Baker, Waters Named Treiman Fellows in Support of Scholarly Work

Professors Scott Baker  and Melissa Waters have been named Treiman Fellows for 2011–12. The fellowship, which supports faculty scholarship, is named in memory of Israel Treiman, an alumnus, a faculty member, and a longtime supporter of the law school.

Baker is a prolific and widely-respected law and economics scholar. His research interests lie at the intersection of law, economics, and game theory. He tackles a wide range of topics from judicial performance to the structure of law firms to problems in patent law. His work has appeared in numerous law reviews and peer-reviewed journals, including the Journal of Law and Economics; Journal of Law, Economics, and Organization; Duke Law Journal; Texas Law Review; and the International Journal of Economic Theory. He is the recipient of a Tilburg University grant for studies in the law and economics of innovation. In addition to his JD from the University of Chicago, he holds a PhD in economics from the University of North Carolina at Chapel Hill, with his dissertation focusing on game theory and the law.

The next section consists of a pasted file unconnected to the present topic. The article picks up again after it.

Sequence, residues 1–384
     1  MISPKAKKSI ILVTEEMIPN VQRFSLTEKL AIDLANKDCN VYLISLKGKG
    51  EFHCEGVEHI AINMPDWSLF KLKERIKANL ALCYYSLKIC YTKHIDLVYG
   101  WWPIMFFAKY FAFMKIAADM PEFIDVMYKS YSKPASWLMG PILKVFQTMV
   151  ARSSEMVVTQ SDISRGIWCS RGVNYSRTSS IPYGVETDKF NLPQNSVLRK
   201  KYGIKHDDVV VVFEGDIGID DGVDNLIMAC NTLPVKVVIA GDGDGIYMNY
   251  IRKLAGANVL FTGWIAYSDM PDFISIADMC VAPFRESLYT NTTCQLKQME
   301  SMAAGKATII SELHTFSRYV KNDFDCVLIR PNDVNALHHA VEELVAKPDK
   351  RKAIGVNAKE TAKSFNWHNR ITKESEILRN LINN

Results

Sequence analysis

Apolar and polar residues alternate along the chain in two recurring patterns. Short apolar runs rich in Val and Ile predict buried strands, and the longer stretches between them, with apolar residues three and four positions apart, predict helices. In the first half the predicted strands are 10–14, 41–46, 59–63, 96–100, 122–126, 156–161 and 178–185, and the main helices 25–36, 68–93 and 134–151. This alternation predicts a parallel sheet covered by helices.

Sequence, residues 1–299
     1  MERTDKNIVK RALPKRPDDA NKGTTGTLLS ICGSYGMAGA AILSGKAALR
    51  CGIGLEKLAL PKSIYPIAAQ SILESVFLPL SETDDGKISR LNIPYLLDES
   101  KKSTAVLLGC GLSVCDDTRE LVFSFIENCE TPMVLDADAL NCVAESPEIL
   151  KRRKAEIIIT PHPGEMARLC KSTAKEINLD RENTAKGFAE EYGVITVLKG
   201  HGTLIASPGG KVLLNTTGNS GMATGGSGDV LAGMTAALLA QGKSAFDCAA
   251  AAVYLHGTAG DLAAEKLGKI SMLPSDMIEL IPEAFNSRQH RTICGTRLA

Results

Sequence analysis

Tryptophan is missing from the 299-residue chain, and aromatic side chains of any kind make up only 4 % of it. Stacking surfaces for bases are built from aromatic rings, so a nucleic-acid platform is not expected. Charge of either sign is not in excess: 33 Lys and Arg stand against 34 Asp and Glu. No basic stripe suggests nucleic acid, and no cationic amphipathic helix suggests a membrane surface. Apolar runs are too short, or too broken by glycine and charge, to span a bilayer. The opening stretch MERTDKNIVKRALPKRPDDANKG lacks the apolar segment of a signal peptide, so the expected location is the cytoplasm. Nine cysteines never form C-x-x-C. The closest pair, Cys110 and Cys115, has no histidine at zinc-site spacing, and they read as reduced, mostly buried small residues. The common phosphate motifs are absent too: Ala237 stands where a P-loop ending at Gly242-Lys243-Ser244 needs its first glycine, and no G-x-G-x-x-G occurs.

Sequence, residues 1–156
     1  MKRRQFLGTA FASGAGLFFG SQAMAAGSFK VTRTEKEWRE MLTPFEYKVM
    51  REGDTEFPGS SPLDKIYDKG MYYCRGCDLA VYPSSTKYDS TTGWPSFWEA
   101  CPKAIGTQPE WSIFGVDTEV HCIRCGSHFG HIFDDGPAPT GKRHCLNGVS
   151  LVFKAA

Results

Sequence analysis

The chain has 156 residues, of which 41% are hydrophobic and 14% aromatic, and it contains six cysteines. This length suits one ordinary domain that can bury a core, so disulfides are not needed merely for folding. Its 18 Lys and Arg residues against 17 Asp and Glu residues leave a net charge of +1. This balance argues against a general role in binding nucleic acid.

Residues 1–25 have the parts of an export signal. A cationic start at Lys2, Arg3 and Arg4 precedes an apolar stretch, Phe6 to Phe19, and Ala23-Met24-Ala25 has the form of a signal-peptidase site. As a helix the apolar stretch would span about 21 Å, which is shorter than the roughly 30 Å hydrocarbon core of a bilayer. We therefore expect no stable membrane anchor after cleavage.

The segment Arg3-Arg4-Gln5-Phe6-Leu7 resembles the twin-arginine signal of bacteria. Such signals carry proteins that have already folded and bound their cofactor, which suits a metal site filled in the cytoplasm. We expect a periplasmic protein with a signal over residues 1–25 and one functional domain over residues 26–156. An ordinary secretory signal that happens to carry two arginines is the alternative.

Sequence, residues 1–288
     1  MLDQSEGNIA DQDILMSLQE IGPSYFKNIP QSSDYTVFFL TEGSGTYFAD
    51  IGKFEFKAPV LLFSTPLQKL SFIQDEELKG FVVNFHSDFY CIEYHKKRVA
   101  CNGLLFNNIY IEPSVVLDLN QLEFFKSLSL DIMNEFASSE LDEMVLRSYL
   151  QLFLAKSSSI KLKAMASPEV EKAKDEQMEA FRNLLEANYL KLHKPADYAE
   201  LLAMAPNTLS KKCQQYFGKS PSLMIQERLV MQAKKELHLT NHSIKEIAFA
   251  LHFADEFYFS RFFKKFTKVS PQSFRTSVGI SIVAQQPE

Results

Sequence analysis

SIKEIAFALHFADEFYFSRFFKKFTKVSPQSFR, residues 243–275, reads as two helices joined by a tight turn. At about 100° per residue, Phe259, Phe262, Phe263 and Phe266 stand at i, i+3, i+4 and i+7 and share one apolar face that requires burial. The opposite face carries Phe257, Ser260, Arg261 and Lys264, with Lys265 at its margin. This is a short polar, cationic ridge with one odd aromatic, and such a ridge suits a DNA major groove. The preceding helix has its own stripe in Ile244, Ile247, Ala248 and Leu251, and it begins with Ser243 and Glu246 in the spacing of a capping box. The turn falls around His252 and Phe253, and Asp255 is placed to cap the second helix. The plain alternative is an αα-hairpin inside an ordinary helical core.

Waters is an expert in international law, foreign relations law, international human rights law, and international conflicts of law. Her scholarship focuses on the intersection of international and domestic law, and in particular on the incorporation of treaties and other forms of international law into domestic legal regimes. She has written extensively on the role of transnational judicial dialogue in shaping international legal norms, and on the debate in Congress and in the media over the use of foreign and international law in interpreting the U.S. Constitution. Her work has been cited by Supreme Court Justice Antonin Scalia and has been published in numerous law journals and academic presses, including the Columbia Law Review, Georgetown Law Journal, Yale Journal of International Law, and American Journal of Comparative Law. She is currently researching a book on the influence of European institutions in the evolution of international legal norms prohibiting the death penalty.